Cookbook challenge: Ribs and alfredo

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Having gotten over my irritatingly long illness, I was all set to dive right back into the cookbook challenge with last week’s book, 500 Vegan Recipes. Having found the recipes available online to be few and far between, I decided to wait until my copy arrived to begin. So I waited. And then waited some more. And then the books that I ordered two weeks after it began to arrive, and the week was over. It finally arrived today, just in time to begin the following week. I’ve decided to return to 500 Vegan Recipes after the challenge, since the lateness wasn’t the book’s fault and it deserves a fair go.

But onto this week! I have been, and will continue to be, cooking from American Vegan Kitchen. A flip through the contents page of this book made me feel like I needed to buy one of those little, red, plastic baskets that you see in diners and junk food establishments in the US (my beloved Foodswings comes to mind). Burgers, cheesesteaks, onion rings- it’s all here and it’s not at all healthy-sounding.

For our first meal, I decide to acquiesce to Chadwiko’s near-constant demands for one of his favourite vegan meals, seitan ribs. American Vegan Kitchen has a recipe for sweet garlicky ribs, so I immediately turned to that page.

Sweet garlicky ribs with movie night potato skins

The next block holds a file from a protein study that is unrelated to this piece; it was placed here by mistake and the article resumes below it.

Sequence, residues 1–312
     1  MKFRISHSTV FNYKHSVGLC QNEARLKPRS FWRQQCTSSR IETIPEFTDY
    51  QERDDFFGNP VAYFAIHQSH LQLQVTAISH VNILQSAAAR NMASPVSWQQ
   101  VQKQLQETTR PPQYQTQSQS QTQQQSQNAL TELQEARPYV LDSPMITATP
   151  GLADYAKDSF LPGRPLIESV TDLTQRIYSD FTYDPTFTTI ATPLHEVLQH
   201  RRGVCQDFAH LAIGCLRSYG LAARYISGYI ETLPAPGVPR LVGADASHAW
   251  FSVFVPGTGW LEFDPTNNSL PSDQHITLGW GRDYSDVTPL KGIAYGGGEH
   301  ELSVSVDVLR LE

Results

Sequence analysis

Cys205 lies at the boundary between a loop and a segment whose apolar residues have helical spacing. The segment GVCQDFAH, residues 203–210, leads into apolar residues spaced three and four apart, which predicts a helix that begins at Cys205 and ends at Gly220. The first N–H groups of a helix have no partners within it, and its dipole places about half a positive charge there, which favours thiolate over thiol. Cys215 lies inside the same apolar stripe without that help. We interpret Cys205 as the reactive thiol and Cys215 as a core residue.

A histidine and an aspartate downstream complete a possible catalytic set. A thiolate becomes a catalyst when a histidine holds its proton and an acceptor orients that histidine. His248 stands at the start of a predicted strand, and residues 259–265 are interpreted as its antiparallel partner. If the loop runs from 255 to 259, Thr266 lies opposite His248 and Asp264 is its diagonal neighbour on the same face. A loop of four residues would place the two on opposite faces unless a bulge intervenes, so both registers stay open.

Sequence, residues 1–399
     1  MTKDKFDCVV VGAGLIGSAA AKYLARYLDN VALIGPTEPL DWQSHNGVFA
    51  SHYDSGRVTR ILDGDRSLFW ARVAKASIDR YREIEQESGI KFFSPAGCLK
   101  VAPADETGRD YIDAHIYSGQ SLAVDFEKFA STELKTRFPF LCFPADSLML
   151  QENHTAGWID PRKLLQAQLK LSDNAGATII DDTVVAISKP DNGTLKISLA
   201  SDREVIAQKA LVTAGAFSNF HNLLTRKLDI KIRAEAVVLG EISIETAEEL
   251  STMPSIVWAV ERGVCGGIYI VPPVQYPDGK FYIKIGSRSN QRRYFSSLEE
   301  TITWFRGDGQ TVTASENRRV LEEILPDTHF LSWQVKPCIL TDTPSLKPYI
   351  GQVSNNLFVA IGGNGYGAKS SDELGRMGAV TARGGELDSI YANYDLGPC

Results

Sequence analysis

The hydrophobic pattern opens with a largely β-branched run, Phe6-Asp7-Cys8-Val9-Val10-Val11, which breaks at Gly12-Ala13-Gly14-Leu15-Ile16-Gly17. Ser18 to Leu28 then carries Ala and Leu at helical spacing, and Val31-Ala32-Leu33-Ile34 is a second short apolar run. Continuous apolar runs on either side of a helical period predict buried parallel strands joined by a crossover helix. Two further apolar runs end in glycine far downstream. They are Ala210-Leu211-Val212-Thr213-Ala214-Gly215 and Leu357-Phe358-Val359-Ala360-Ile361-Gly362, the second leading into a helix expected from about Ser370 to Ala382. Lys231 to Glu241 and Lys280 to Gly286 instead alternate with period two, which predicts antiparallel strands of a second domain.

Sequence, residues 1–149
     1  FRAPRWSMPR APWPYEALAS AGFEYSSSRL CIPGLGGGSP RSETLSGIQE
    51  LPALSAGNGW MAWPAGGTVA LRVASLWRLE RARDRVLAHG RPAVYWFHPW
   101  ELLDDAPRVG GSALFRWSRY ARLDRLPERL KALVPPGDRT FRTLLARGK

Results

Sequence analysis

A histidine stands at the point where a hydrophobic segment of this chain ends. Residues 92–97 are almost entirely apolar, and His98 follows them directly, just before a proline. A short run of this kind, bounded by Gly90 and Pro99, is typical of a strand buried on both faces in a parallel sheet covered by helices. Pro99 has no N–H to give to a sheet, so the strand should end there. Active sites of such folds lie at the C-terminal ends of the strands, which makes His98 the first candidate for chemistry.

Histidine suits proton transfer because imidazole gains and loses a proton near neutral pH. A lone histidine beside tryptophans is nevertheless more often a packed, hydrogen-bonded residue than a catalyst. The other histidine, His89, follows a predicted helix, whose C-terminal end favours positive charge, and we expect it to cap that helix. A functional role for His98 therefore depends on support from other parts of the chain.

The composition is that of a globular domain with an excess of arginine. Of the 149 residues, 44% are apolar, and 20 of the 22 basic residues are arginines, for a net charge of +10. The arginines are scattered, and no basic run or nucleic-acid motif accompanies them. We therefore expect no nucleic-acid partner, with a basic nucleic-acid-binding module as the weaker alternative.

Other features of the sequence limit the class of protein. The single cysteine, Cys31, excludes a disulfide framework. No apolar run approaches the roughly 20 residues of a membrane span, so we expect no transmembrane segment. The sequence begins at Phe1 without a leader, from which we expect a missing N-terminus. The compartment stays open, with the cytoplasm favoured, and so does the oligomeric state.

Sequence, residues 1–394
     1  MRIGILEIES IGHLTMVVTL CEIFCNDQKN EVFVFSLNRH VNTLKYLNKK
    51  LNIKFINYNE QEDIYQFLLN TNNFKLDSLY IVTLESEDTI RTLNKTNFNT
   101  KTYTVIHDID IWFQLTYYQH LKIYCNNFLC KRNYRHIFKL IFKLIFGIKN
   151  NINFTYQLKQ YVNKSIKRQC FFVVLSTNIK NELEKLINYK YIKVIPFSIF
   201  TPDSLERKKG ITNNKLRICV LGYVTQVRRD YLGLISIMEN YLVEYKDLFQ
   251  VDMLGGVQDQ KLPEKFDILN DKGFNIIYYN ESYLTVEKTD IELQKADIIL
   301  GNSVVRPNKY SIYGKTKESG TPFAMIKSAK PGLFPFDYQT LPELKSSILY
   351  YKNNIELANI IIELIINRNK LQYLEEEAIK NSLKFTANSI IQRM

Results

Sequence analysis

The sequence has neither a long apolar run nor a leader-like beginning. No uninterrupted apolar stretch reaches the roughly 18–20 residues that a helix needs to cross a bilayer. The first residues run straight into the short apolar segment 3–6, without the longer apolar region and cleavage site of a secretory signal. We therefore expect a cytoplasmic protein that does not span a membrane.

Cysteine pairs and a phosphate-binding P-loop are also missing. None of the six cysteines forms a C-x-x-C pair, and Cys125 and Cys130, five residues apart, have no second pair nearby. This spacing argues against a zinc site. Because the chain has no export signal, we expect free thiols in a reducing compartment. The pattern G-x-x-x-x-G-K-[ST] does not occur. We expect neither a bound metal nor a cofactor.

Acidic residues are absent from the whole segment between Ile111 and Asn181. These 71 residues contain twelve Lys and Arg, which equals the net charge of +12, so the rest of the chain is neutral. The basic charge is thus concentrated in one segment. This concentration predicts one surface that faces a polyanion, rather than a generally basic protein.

Unfortunately, I didn’t care for these at all. While the recipe I usually use is fairly simple, this was a lot more complex and for me, the result just wasn’t worth the effort. And while my usual ribs are baked then grilled, these were steamed before being grilled. I’ve never had great success with steaming seitan, and this was no different. The outcome was rubbery and unpleasant. The barbecue sauce, however, was great. My only complaint here is that it made more than I (or anyone) could ever possibly use, which just felt wasteful. I served the ribs with the movie night potato skins, which I loved. I left out the asparagus because Chadwiko hates it, and added chives instead. These were garlicky, creamy and completely delicious. I’ll definitely be making these again- alongside my trusty usual ribs.

Tonight’s meal was a far greater success.


This fettucine alfredo was creamy, slightly tangy and, although not as good as the recipe on Vegan Dad’s blog, was tasty indeed. Since sampling the alfredo at Real Food Daily in Santa Monica, which contains broccoli and roasted capsicum, broccoli has always found its way into my homemade alfredos. So this broccoli variation, affectionately dubbed ‘broccalfredo’, in American Vegan Kitchen was always going to appeal to me. Although a little gritty from the unsoaked cashews that refused to smooth out in my food processor, this really hit the spot. I find the Vegan Dad recipe easier, so this probably won’t make its way into my regular meal rotation, but it’s definitely nice for a change.

So far American Vegan Kitchen has been inconsistent, but still has some great potential. And now back in good health, I’ll be here for the challenge!

1 Comment(s)

  1. Whilst Erin didn’t love this ribs, I still found them to be quite delicious, especially with the sauce which was amazing.

    Not as good as our usual ribs. But still, I liked.

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    Chadwiko | Mar 2, 2011 | Reply

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  1. Mar 7, 2011: from Cookbook challenge: Burgers and onion rings : Meet the Wikos

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